I had seen it before. But it was my first time smelling the pale yellow fruit. Acheese hit me so strongly I .
I was on a walk with Kristine, a Danish artist from a Singaporeancalled Mamakan. Kristine and her two artists, Laletha and Steve, a project called GastroGeography to the plants in Singapore. The walk in the central civic district an "artistic food experience," and participants could taste and identify various local plants along the way.
The fruit I'd smelled was the noni fruit, or the cheese fruit. Its tree is commonly found in Singapore, but I never knew that the fruit and leaves were edible. Kristine suggested cleaning the fruit and leaving it in ato in the sun. The juice that could be mixed with cream cheese to create what she called "Singapore's blue cheese."
The noni fruit was. Kristine, Laletha and Steve had found more than a hundred edible plants growing along the streets. I their art , which consisted of little jars of edible plant on concrete blocks, and the poster they'd made to list all the edible plants.
I was amazed. The only local plant I rememberwas the growing in my primary school. My seniors taught me to the from the flowers. But I never imagined there were so many other edible plants. Singapore is known as the garden city, but I'd never realized this garden was full of edible wonders.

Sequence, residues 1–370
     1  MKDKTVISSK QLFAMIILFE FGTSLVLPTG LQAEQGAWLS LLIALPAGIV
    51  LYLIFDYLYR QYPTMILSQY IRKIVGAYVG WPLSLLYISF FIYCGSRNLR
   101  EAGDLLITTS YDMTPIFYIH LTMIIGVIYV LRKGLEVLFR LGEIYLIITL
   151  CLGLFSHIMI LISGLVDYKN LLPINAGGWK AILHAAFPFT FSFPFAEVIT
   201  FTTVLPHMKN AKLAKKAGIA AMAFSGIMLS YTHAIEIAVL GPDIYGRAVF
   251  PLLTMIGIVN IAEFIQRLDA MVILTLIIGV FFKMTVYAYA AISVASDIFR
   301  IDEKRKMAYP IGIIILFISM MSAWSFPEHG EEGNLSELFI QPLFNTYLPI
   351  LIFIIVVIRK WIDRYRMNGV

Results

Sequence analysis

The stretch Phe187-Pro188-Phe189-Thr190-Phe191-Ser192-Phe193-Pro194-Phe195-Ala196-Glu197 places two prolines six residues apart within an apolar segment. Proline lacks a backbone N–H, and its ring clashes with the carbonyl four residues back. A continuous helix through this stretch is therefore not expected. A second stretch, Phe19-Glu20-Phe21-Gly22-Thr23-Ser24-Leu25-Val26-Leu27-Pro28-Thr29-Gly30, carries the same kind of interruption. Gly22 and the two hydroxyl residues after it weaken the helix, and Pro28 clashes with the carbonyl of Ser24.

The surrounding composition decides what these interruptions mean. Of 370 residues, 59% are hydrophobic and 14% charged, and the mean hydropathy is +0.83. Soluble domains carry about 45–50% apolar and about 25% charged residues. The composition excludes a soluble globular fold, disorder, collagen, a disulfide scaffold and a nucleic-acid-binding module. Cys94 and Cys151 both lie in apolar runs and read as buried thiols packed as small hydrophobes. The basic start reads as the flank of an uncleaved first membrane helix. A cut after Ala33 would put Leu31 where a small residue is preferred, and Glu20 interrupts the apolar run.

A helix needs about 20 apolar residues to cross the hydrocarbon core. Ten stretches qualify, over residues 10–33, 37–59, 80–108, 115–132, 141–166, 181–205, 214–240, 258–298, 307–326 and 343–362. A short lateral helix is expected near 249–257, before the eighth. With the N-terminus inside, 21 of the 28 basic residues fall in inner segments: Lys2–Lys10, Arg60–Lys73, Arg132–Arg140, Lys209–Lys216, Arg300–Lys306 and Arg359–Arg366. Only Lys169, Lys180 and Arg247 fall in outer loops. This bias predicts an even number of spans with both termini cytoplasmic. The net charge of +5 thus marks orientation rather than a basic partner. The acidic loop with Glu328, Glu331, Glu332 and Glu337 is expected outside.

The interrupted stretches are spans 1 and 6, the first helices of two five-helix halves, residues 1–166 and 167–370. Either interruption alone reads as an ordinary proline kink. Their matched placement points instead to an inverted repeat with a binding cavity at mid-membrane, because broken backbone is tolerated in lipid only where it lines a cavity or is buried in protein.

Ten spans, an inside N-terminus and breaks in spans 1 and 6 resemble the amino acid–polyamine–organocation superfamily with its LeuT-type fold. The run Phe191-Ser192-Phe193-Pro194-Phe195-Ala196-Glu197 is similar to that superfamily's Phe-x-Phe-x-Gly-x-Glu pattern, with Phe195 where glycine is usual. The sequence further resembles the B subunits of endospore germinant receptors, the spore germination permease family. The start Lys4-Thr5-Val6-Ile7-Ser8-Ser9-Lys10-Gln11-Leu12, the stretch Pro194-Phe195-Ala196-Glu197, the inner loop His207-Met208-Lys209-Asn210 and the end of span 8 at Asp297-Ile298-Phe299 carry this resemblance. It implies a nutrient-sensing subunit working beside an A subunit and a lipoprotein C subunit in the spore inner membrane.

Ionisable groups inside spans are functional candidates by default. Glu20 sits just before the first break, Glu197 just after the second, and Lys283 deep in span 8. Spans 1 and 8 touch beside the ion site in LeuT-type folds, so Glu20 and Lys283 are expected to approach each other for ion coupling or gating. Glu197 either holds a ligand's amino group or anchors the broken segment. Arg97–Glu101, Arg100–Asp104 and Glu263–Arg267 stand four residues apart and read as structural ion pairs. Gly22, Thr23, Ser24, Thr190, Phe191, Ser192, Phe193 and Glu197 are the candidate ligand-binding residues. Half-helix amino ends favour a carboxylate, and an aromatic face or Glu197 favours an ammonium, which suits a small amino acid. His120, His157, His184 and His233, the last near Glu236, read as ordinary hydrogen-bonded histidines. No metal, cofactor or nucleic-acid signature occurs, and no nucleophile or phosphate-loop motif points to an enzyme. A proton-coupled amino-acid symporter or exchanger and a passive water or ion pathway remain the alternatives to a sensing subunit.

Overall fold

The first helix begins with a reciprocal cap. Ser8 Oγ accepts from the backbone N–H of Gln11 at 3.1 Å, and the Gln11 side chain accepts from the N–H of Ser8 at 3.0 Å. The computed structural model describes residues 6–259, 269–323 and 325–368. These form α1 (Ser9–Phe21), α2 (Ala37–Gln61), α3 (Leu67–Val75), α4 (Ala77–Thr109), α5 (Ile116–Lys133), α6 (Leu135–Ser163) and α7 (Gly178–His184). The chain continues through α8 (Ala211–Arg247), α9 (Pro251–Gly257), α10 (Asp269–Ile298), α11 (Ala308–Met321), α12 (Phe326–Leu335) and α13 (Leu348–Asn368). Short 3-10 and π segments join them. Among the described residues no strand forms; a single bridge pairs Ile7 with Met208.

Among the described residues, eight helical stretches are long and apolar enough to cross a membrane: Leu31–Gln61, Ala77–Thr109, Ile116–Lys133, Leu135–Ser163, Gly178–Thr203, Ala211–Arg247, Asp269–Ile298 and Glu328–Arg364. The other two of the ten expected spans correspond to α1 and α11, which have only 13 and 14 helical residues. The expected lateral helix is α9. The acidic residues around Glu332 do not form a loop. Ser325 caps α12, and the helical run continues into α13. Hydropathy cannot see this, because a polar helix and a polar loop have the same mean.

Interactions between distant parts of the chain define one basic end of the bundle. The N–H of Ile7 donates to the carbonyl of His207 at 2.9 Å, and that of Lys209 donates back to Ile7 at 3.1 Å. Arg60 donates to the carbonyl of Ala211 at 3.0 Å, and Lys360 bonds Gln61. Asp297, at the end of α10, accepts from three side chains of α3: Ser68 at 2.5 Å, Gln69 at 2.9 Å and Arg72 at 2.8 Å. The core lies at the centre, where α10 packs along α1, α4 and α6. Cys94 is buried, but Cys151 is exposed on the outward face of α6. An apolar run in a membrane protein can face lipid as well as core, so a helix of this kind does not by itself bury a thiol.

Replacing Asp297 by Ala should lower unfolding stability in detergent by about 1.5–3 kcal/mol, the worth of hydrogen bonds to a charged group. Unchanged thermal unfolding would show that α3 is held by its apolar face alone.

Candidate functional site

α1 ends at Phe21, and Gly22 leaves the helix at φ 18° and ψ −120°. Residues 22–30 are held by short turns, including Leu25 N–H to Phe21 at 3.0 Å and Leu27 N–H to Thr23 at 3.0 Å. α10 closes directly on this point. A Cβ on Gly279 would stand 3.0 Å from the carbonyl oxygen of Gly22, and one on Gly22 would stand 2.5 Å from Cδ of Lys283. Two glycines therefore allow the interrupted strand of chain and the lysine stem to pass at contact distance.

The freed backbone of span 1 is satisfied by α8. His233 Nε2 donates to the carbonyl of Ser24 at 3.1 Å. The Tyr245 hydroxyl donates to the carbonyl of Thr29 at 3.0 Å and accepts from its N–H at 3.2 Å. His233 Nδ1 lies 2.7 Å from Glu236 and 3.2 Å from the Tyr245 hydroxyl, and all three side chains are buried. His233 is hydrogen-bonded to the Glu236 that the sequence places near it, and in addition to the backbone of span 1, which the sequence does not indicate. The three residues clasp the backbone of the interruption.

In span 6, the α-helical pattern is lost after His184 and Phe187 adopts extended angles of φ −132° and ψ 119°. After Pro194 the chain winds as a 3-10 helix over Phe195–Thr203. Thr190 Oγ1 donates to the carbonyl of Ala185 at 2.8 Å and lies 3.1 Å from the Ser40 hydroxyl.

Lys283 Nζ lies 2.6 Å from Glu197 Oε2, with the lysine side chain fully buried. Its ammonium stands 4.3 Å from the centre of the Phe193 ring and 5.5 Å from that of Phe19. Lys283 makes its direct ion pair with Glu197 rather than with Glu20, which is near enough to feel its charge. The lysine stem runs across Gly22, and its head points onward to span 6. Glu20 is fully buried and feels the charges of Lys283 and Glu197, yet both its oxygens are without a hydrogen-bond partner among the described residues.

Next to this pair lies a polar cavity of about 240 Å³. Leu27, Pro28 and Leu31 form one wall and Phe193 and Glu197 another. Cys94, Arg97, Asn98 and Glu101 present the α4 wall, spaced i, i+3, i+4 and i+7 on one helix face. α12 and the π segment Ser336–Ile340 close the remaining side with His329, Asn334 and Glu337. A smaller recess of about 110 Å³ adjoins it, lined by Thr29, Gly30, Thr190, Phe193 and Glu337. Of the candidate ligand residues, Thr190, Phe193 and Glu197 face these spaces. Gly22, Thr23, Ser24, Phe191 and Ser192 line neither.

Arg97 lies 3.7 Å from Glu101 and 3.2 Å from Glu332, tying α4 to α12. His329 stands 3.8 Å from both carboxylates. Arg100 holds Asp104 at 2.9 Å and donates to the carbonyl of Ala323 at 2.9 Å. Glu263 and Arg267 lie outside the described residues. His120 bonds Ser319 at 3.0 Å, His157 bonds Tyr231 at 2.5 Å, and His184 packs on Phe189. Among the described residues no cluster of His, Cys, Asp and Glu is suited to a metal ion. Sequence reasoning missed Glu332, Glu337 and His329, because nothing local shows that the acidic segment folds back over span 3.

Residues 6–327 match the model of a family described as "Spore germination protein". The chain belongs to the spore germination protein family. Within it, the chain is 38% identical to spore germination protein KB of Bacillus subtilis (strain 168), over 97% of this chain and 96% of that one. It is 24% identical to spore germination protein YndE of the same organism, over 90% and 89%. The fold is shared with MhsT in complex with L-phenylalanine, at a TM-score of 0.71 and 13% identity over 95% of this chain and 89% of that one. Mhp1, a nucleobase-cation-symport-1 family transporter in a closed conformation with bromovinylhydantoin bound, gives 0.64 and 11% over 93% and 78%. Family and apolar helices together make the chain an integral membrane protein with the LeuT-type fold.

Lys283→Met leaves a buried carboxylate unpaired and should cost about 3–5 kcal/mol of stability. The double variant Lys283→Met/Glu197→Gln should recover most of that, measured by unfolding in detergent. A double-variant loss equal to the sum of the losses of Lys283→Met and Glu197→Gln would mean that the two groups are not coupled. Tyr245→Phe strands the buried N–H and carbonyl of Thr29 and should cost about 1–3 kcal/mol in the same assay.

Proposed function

Kristine shared stories from other Singaporeans who'd gone on the walk. One lady had been going to health food stores to buy expensive noni juice imported from Hawaii. She never knew that the noni tree grew locally. While it's illegal tothe fruit or remove other parts from the plants, she could the fruits .
Kristine's fellow artist, Steve, a Singaporean, wasforaging too. When he tasted the jam Kristine had made using local berries from the rukam masam tree, he'd found the taste " ." , what he found familiar was imported strawberry jam.
I recalled my own foraging experiences, which were mostly in Japan. I'd collected wild mint and oregano, andfor . I remember thinking then that it was a I couldn't forage in Singapore. Now, I realize it was my own that prevented me from seeing the edible plants in my home country. I can't wait to discover more local plants, and perhaps grow some of my own too.
The Japan Times ST: March 24, 2017